Fictional books with mental health rep are so important and I’m really thrilled to chat about some of the stories that have meant the most to me.
This post is originally being published during May, which happens to be Mental Health Awareness Month. This month is incredibly meaningful to me and it’s something I haven’t touched on in quite some time. I thought I was overdue for a chat about mental health and wellness and what it means to me, personally.
I’ve never been one to shy away from talking about my own mental health struggles. It’s a privilege to have this platform and to live in a day and age where the stigma surrounding this topic has lessened greatly. Sure, there’s a ton of work left to do, but progress is being made and I, for one, am so grateful.
Maybe one of these days I’ll actually write up a post going into great detail about the different battles I face each day, but for the sake of this article, I’m going to give the nutshell version. Anxiety has been part of my life since I was a child (even if it didn’t have a name until I was much older). As a teenager, I was diagnosed with depression and struggled with self-harm, suicidal tendencies, anorexia nervosa, and body dysmorphia. My early 20’s brought about a diagnosis of bipolar disorder II (yes, there are multiple kinds of bipolar and it’s important to know the differences) and PTSD due to sexual and emotional abuse. Phew, my life has been a bit of a whirlwind and while the climb is never over, the mountain feels a lot less daunting now. It’s also important to note that I am a huge advocate for beneficial medication and therapy.
I’ve been a reader throughout my entire life, and there have been books that have truly felt like saviors over the years. I still find myself getting weepy when I think about some of the books that I read in high school – ones that made me feel seen for the first time. As an adult, it has become even more important to me to find books with well-written mental health rep. In the past couple of years, I’ve discovered a few truly incredible fictional novels that have come to mean so much to me. I’m really thrilled to share them all with you.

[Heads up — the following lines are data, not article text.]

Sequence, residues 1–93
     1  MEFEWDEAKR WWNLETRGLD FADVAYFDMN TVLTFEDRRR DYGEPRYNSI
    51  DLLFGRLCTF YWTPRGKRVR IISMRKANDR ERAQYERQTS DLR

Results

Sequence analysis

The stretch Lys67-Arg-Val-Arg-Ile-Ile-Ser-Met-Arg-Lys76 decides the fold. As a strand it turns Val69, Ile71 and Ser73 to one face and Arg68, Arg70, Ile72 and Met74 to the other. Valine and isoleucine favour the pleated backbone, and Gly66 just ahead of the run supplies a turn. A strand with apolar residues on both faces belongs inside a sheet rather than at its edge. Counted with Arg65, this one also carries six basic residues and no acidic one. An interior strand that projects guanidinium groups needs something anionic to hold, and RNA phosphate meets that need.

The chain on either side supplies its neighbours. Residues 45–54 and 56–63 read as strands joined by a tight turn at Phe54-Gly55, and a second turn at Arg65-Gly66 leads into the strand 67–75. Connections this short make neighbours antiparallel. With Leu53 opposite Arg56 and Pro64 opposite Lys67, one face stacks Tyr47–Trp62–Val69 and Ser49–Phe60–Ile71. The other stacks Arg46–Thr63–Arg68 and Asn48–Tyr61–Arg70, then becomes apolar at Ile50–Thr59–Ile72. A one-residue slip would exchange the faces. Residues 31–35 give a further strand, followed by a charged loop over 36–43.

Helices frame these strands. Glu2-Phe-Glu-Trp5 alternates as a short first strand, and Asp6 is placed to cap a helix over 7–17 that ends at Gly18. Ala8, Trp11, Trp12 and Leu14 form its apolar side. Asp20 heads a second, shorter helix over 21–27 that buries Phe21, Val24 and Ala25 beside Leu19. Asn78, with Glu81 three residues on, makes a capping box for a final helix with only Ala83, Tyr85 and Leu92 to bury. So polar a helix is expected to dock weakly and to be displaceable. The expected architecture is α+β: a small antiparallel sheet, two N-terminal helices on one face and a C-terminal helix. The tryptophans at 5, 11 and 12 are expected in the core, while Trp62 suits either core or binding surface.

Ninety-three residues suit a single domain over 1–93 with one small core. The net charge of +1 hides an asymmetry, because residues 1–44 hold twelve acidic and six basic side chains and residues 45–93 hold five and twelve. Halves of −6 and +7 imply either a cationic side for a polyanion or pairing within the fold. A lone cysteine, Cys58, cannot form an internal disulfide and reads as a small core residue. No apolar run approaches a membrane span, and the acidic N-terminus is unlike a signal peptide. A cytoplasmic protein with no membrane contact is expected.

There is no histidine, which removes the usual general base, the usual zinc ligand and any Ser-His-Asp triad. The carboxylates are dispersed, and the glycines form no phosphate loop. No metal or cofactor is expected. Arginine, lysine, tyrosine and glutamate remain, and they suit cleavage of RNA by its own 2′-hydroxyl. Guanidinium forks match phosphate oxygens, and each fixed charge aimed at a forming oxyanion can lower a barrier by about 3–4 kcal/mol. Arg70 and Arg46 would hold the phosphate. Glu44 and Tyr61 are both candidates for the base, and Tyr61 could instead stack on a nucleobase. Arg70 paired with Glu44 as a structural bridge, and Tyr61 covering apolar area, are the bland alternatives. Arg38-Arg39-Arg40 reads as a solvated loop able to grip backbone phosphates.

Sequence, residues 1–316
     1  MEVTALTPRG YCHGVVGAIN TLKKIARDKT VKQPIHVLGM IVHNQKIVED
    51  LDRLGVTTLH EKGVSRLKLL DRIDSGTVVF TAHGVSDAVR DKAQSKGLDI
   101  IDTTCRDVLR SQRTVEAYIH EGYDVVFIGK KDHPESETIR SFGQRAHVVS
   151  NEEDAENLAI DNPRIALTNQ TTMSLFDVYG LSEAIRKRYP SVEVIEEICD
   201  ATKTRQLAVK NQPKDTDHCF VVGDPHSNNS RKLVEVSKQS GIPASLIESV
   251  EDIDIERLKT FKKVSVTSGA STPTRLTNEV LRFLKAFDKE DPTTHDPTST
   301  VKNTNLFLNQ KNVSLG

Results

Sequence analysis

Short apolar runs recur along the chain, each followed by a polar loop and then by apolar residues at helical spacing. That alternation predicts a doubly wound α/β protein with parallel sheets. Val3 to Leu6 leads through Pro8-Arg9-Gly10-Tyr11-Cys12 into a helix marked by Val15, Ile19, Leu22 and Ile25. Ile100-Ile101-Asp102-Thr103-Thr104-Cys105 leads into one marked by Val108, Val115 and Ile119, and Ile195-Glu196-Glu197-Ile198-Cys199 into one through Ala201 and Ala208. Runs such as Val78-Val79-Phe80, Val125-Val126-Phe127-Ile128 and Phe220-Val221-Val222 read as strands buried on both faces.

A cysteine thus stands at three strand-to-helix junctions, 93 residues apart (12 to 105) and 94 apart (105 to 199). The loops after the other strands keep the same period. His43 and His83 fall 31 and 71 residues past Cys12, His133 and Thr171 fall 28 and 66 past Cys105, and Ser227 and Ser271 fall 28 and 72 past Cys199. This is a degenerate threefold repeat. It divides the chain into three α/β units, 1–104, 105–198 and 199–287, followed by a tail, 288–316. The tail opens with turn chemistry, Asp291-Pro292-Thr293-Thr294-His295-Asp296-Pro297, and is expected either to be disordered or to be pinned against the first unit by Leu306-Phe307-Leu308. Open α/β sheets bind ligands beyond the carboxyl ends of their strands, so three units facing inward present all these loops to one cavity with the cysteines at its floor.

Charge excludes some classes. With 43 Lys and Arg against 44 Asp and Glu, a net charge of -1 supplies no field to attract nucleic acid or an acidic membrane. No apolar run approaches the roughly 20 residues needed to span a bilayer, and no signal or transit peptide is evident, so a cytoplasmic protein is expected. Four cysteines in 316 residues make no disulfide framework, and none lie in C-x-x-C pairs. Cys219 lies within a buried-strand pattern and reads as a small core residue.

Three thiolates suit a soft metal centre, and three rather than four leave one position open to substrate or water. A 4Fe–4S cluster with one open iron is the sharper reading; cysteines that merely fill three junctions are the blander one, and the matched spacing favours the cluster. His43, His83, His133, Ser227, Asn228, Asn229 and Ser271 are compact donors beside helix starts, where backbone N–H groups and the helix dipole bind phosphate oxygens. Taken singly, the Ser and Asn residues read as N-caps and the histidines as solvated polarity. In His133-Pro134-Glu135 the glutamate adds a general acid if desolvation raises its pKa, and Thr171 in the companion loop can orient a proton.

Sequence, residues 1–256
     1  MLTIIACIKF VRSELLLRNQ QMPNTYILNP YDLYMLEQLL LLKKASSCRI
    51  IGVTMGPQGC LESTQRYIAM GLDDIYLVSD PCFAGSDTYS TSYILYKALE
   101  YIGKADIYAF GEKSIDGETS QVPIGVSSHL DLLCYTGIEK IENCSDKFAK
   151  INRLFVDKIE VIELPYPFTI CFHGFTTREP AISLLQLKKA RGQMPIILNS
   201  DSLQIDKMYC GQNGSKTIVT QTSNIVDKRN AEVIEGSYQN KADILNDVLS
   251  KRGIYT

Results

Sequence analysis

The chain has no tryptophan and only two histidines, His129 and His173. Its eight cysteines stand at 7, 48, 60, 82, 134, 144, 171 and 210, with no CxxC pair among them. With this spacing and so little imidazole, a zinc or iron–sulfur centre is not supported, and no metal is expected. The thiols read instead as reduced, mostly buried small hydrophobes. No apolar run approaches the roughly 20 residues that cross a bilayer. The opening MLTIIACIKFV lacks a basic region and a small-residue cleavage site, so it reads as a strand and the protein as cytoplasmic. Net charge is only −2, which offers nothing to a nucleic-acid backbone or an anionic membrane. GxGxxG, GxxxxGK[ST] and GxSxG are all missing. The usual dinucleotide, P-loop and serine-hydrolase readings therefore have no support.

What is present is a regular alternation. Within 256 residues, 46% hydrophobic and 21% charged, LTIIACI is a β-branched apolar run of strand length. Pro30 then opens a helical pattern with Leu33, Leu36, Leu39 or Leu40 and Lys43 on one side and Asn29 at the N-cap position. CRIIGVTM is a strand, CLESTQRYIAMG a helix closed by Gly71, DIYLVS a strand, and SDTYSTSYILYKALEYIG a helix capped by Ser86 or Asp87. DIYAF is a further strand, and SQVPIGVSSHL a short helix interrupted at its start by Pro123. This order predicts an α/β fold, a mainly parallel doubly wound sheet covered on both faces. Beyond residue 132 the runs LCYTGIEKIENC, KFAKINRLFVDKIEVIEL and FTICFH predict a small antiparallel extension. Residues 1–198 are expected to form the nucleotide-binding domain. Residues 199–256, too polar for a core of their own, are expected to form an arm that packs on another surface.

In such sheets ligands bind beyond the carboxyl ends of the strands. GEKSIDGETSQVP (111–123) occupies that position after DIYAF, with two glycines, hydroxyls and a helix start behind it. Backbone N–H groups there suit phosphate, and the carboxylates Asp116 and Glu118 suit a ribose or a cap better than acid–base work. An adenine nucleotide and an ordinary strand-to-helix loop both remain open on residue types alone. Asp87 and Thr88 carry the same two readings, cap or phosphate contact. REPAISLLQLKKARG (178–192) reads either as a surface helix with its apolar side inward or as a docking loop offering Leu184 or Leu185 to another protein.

8 Books I Wish I Could Read Again for the First Time // How the Library Can Help You Read More Books // Romance Books I Didn’t Love and What to Read Instead
10 Fictional Books With Incredible Mental Health Rep
The Midnight Library
by Matt Haig
This book completely changed my life. Some may find it slow, the characters boring, etc. But me? I saw myself on every page of the story and the overwhelming sense of hope I felt was unlike anything I’ve ever read. Matt Haig writes like he’s been inside my brain. This book deals with depression (suicide attempt) and anxiety.
A Song of Wraiths and Ruin
by Roseanne A Brown
There are sadly very few fantasy novels that I’ve found that touch on topics like depression, self-harm, and anxiety. Everyone is a badass so there’s often no room for “weakness.” This duology depicted anxiety in particular in such a phenomenal way. The second book had me writing down quotes like it was my job.